Months ago I promised to write a tutorial showing how to convert your Blythe doll's color change eyes to sleep eyes and now I have finally gotten around to writing it. I know I've been the world's worst blog writer and newsletter poster lately and I am trying really hard to get back on track.
So, if you are a Blythe owner you know the Blythe doll comes with really cool color change eyes. When you pull a string in the doll's head the eyes close and click and re-open with a different color and gaze direction. Blythe eyes don't stay closed, however, and some people like to be able to close the eyes so Blythe can "sleep". A word of warning: if you convert the eyes don't leave them in the closed position for long periods, as some Blythe owners claim this warps the eyes so they no longer work.
To begin your repair you will need to remove the spring in the back of Blythe's head. You can lift it up with a skewer or pliers and unhook it from the shaft. You will not need this spring if you plan to create sleeping eyes but you might want to save it for future repairs of other dolls.
After you unhook the spring unscrew the back of the head and gently pry it open with a flat head screwdriver or similar tool. I used a zipper bag to corral all the screws and other pieces so I wouldn't lose them.
Lift off the back of the head and make sure to note the location of all the pieces and screws. It is helpful to take a picture so you can refer to it during re-assembly.
Remove the screw and the tiny paddle-shaped piece under the eye mechanism. Don't lose this piece! This is the piece which holds the eye chips in place so the color shows and the eye opens.
After you remove the paddle untie the drawstring from the eye mechanism. It's helpful to use a pair of tweezers to untie the knot. Remove the drawstring and set aside. You can re-use this, bead it and decorate it, or replace it entirely. You will be using two strings instead of just one with the sleep eyes, so most people replace the string with two new matching strings.
Remove the eye mechanism by pushing against the side of the eyes and lifting them out of the head. You will have to press hard, so be careful not to scratch the eyes. At this time also remove the scalp from the head. You may or may not need to unscrew it depending on which Blythe version you have. Remove the spring from inside the head as well. You can just unhook it with pliers and set it aside.
Find two strings or narrow ribbons at least as long as the original drawstring. If you want to embellish them with beads do that prior to insertion. Take the first string and thread it into the back of the head through the round hole next to the rectangular hole. Then thread it through the half-circle shaped piece on the back of the eye mechanism as shown. It can be helpful to use a sewing needle to get it through the hole. Tie the string in place using a double or triple knot so it doesn't come undone.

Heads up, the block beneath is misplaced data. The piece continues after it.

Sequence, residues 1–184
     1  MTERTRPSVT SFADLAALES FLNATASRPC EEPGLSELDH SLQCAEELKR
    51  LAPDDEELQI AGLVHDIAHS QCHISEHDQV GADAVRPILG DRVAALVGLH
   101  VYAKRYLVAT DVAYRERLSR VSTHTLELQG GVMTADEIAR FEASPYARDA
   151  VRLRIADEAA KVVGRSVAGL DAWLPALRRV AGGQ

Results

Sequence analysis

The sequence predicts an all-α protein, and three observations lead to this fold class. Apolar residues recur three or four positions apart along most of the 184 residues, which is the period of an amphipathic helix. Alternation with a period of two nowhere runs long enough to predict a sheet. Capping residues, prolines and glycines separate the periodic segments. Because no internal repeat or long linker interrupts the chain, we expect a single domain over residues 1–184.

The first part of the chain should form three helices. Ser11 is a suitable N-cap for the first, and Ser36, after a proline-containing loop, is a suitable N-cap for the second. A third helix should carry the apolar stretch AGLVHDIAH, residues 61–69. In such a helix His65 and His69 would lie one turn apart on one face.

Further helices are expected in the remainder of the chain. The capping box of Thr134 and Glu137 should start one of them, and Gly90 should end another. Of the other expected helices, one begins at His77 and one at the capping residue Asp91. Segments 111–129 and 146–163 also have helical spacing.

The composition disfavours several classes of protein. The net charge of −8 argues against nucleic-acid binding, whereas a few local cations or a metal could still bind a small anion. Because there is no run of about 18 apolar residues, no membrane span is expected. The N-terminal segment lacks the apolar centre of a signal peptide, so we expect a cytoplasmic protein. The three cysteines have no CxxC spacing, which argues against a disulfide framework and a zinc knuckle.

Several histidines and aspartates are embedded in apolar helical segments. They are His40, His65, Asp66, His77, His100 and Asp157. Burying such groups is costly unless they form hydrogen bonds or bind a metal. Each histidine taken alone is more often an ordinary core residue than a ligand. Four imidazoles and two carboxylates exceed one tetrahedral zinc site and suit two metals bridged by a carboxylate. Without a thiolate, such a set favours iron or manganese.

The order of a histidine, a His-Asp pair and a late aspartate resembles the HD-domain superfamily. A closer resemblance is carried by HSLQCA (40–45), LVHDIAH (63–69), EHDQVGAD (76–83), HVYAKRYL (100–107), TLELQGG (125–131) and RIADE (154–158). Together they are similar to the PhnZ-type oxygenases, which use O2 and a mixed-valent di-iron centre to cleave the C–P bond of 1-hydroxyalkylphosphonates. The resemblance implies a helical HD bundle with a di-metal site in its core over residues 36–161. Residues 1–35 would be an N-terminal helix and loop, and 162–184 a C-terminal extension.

When you have the first drawstring inserted you can replace the eye mechanism in the front of the face by just pushing the little pegs on each side into the tubes in the sides of the face front. Just insert one at a time. Take your second drawstring and thread it through the rectangular hole in the back of the head. Bring it into the head and tie it to the triangular shaped piece above the eye mechanism as shown (tie it to the hole where the spring was attached). I've shown this from several angles to give you a good idea of the way the strings are attached. When the strings are tied in place re-attach the paddle shaped piece under the eye mechanism.
Replace the scalp and the back of the head and screw them in place. The ribbons should appear as shown in the photos below. To work the eyes now you will pull one string to close the eyes and change the color/gaze and pull the other string to open the eyes.
Initially I replaced the factory eyelashes and painted eyeshadow on the eyelids before I converted the eyes, but I found when I opened and closed them the paint all scraped off. So I made eyeshadow by grinding soft pastels into powder and applying them with a brush like eyeshadow. You can also use real human eyeshadow for this. Then I sprayed the face with Mr. Super Clear flat UV Cut varnish to set it.
Now your doll can close her eyes as shown above! The photo below shows the Blythe face after eye conversion and with her face plate custom sculpted and re-painted. I typically glue hook and loop tape to the scalp and add it inside wigs so the hair can be easily changed, and it is also easy to find rooted scalps you can change out for a different hair color and style. This particular doll has her original eye chips. See my eye chip replacement tutorial to see how to change the eye colors from the factory options.
Please remember, I am happy to create a custom Blythe just for you! I also sell eye chips, bodies, and other Blythe conversion supplies, as well as ready-made custom Blythe dolls, in my shops. Link to all my shops from the Home page.
My name is Amanda, but my childhood nickname was "Mandaline". I am a mother of three turning my passion for creating into a full-time business.